The average price of a property in the UK has risen by 0.1% month-on-month to October, according to the latest figures released by the Office of National Statistics.
In addition, the official data shows that prices are up by 6.9% year-on-year. This takes the average price of a property to £217,000, £14,000 higher than in October 2015.
The main instigator to the rise in UK house prices was recorded in England where property values rose by 7.4% during the twelve month period. The average house price in England is now £233,000.
Wales saw prices increase by 4.4% in the year, to hit an average of £147,000. In Scotland, the typical value rose by 4% to stand at £143,000, while in Northern Ireland, the average price is £124,000.
Regionally, London saw the highest average house price of £474,000. The capital was followed by the South East and East of England, where prices stood at £313,00 and £279,000 respectively.
Investors looking to take out landlord insurance on a property might be interested to learn that the East of England has recorded the highest annual growth in house values. Prices here rose by 12.3% in the year to October.
Next came the South East with 9.1%, and London with 7.7%. At the other end of the scale, the lowest annual growth was recorded in the North East, where prices rose by 2.7% over the course of the year.
As a result of rising prices, sales have slowed considerably during the period, down by 20.3% year-on-year in England. In addition, sales were down 11.6% in Wales, by 10.7% in Northern Ireland and by 2.8% in Scotland.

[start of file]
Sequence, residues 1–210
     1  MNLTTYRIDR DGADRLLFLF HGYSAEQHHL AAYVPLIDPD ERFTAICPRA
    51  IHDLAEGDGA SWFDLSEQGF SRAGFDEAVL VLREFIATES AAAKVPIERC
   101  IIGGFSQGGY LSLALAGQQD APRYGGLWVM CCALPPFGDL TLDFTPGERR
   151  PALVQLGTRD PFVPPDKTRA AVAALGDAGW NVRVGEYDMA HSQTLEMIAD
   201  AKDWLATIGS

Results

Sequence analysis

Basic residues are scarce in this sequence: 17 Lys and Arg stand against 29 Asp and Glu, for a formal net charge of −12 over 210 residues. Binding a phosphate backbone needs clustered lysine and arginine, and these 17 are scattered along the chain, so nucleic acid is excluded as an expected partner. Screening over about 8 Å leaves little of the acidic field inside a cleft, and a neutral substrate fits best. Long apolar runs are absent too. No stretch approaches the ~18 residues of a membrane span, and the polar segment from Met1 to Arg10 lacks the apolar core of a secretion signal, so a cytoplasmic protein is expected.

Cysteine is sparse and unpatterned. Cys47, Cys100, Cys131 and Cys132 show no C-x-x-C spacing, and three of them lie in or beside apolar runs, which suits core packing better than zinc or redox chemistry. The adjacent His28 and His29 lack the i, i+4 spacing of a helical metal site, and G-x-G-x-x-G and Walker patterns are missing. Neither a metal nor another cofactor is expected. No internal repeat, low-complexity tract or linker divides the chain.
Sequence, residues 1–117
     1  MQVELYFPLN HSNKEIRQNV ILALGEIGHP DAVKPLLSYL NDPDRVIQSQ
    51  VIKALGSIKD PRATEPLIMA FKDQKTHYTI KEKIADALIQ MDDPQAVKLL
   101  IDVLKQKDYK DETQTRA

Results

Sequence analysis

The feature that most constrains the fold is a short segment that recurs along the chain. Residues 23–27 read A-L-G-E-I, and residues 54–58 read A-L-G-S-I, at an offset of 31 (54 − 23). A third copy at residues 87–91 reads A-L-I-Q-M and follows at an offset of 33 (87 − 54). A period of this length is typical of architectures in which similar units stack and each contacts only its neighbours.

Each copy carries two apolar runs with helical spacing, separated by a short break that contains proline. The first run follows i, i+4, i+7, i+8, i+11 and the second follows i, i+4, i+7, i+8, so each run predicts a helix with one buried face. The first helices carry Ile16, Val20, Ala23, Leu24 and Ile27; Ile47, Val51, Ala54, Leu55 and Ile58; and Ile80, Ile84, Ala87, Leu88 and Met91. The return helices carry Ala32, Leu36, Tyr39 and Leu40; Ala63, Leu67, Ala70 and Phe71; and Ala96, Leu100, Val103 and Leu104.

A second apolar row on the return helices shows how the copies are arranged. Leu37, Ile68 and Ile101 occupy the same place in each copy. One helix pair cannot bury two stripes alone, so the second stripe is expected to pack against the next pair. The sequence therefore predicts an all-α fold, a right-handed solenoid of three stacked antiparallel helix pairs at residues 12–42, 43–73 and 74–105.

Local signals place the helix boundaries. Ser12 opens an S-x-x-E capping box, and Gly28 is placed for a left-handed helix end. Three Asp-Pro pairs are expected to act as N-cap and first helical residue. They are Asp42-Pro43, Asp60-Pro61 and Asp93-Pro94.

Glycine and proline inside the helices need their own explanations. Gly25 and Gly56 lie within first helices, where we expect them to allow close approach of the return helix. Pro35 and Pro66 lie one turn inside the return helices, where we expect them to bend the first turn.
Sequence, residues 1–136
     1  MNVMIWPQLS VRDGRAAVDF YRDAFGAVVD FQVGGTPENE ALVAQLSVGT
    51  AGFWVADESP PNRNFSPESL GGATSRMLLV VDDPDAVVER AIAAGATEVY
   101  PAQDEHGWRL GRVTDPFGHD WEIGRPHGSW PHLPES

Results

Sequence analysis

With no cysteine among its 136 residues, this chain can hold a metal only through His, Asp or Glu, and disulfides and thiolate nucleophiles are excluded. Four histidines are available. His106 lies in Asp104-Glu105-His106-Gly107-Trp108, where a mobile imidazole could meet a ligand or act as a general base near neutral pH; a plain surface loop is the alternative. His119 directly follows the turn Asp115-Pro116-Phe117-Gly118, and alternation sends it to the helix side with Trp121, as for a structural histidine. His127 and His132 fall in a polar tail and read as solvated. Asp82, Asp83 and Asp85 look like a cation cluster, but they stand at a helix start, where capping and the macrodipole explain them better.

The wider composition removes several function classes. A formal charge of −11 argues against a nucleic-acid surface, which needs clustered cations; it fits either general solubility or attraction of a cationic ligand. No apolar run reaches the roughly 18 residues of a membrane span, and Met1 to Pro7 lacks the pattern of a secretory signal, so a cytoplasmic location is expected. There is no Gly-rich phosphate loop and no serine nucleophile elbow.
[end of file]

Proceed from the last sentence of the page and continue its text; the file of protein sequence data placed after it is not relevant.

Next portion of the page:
Richard Snook, senior economist at PwC, feels that price growth will fall again in the new year. He notes: ‘Whilst the annual inflation rate remains high, prices have barely moved over the last three months. If this trend continues into 2017, we will see a pronounced drop in growth rates in the New Year. We project that UK house price growth for 2017 could range between 2% and 5%.’
Rob Weaver, director of Investments at property crowdfunding platform Property Partner, said: ‘The predicted property armageddon has simply not happened but Article 50 continues to cast a long shadow. We’ve seen a significant drop in sales post April when the stamp duty hike on second homes and buy to lets kicked in. With phased cuts in mortgage interest tax relief also starting next April, these lower transaction volumes could foreseeably continue in the mid to longer term.’
Alex Gosling, chief executive officer of online estate agents HouseSimple believes that the slowing price growth is not necessarily a bad thing.
Mr Gosling observed: ‘The UK market isn’t just about London anymore, and we are seeing some impressive growth in the regions, particularly in the East and South East of England. Also, considering the seismic political events we have experienced over the past six months, the housing market has proved extremely resilient in the face of some pretty strong economic headwinds.’
‘The exodus of buyers after the European Union vote never materialised, and although buyers are understandably being more cautious, crucially they haven’t deserted the market,’ he concluded.